Granted, after a hack, having biometrics there to protect individual accounts should change the retail fraudster’s Return on Investment (ROI) calculations. With biometrics it should be harder for him to turn the user information into money. Still the Benjamin Franklin axiom that “an ounce of prevention is worth a pound of cure” would seem to carry the day here.

“Get me some biometrics, stat!”

How biometrics could improve health security (Fortune)

For the last two years, the health industry suffered the highest number of hackings of any sector. Last year, it accounted for 43% of all data breaches, according to the Identity Theft Resource Center. To help prevent these costly issues, medical companies have begun adopting an array of biometrics security systems that use data from a patient’s fingerprint, iris, veins, or face.

There really isn’t an identity management challenge that health care doesn’t have.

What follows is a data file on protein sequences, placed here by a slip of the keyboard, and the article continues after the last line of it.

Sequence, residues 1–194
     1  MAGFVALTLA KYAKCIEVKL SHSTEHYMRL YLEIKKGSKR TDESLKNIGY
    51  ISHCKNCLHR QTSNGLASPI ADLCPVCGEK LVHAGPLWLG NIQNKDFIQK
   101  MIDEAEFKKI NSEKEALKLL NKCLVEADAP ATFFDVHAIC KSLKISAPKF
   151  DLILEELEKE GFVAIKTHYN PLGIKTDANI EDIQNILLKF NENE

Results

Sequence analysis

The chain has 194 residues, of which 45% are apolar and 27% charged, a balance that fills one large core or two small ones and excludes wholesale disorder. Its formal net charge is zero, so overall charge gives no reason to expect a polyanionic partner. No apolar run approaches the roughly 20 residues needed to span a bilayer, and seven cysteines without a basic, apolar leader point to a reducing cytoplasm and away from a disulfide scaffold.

Being realistic about passwords

Ping Identity engineer: On second thought, passwords may be okay (FierceEnterpriseCommunications)

In the first part of a new discussion with Paul Madsen, a senior technical architect in Ping’s office of the CTO, I first asked whether Ping truly did intend to resurrect the password as a viable mechanism by way of supporting FIDO 1.0.

Paul Madsen, Senior Technical Architect, Ping Identity: It’s less a resurrection than just trying to be a little bit realistic about what FIDO does, and what it can do. Half of the FIDO specification set–U2F, specifically–pretty much assumes that there are still passwords in the mix. FIDO, arguably more so than killing off passwords, just mitigates some of their worst problems, particularly the risk of bulk compromise of the password database, as we see more and more.

Two things jump right out of this article. The first is the realistic treatment of the fact that passwords aren’t going the way of the dodo any time soon. The second is that passwords that control access to databases of passwords are very different than passwords that control access to an individual account.

The big scores are database hacks.

See also:
FIDO is not the end of passwords (and that’s OK) at the Ping Identity blog. It’s well worth it.

Protecting customer data

After Massive Data Breaches, Businesses Move to Make ID More Personal (ABC News)